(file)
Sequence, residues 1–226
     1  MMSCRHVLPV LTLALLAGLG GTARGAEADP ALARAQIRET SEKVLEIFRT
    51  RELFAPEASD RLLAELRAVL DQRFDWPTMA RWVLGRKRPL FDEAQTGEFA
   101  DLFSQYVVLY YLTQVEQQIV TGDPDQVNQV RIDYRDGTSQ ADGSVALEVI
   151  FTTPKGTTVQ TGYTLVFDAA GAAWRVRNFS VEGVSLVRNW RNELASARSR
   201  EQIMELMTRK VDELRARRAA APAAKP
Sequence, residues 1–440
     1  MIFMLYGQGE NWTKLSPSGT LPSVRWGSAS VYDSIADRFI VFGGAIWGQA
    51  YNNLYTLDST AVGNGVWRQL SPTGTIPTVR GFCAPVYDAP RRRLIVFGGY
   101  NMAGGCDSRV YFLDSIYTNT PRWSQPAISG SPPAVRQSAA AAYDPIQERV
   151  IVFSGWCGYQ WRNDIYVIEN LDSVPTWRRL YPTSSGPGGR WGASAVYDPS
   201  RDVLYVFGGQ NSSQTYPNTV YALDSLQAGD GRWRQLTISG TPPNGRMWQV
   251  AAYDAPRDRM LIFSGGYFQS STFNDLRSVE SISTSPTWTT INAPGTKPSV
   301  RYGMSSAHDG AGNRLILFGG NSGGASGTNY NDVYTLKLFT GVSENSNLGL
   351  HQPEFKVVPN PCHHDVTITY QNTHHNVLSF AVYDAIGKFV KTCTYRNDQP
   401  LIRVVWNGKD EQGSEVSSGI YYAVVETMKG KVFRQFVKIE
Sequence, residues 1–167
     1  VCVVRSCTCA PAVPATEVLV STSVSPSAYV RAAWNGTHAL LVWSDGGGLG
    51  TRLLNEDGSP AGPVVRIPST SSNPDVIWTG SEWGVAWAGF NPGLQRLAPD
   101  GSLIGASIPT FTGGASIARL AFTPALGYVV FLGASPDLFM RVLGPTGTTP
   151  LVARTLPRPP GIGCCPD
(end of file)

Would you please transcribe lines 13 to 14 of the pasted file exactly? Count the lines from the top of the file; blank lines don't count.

   251  AAYDAPRDRM LIFSGGYFQS STFNDLRSVE SISTSPTWTT INAPGTKPSV
   301  RYGMSSAHDG AGNRLILFGG NSGGASGTNY NDVYTLKLFT GVSENSNLGL